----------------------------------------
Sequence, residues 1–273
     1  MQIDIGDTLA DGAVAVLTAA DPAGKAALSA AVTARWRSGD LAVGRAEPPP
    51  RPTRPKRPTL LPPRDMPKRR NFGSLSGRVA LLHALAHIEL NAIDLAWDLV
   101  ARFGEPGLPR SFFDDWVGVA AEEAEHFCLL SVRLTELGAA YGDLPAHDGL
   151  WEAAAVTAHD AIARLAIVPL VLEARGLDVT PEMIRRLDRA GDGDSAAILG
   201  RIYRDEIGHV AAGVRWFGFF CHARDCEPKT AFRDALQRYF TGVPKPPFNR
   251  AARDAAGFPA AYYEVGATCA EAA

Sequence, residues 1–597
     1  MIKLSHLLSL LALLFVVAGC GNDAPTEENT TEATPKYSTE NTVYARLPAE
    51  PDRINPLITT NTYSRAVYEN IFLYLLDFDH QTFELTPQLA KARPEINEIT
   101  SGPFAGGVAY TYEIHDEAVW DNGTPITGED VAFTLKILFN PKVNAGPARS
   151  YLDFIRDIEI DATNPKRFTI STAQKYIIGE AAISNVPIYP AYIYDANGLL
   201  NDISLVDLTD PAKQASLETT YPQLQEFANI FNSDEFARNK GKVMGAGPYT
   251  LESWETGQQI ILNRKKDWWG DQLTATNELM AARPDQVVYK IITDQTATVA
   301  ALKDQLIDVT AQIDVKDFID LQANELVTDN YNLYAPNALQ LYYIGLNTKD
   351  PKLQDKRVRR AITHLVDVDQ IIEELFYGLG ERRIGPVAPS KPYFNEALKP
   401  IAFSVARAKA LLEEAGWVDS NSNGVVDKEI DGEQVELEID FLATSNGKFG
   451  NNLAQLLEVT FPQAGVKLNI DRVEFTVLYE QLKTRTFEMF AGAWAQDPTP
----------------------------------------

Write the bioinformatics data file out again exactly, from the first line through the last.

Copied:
Sequence, residues 1–273
     1  MQIDIGDTLA DGAVAVLTAA DPAGKAALSA AVTARWRSGD LAVGRAEPPP
    51  RPTRPKRPTL LPPRDMPKRR NFGSLSGRVA LLHALAHIEL NAIDLAWDLV
   101  ARFGEPGLPR SFFDDWVGVA AEEAEHFCLL SVRLTELGAA YGDLPAHDGL
   151  WEAAAVTAHD AIARLAIVPL VLEARGLDVT PEMIRRLDRA GDGDSAAILG
   201  RIYRDEIGHV AAGVRWFGFF CHARDCEPKT AFRDALQRYF TGVPKPPFNR
   251  AARDAAGFPA AYYEVGATCA EAA

Sequence, residues 1–597
     1  MIKLSHLLSL LALLFVVAGC GNDAPTEENT TEATPKYSTE NTVYARLPAE
    51  PDRINPLITT NTYSRAVYEN IFLYLLDFDH QTFELTPQLA KARPEINEIT
   101  SGPFAGGVAY TYEIHDEAVW DNGTPITGED VAFTLKILFN PKVNAGPARS
   151  YLDFIRDIEI DATNPKRFTI STAQKYIIGE AAISNVPIYP AYIYDANGLL
   201  NDISLVDLTD PAKQASLETT YPQLQEFANI FNSDEFARNK GKVMGAGPYT
   251  LESWETGQQI ILNRKKDWWG DQLTATNELM AARPDQVVYK IITDQTATVA
   301  ALKDQLIDVT AQIDVKDFID LQANELVTDN YNLYAPNALQ LYYIGLNTKD
   351  PKLQDKRVRR AITHLVDVDQ IIEELFYGLG ERRIGPVAPS KPYFNEALKP
   401  IAFSVARAKA LLEEAGWVDS NSNGVVDKEI DGEQVELEID FLATSNGKFG
   451  NNLAQLLEVT FPQAGVKLNI DRVEFTVLYE QLKTRTFEMF AGAWAQDPTP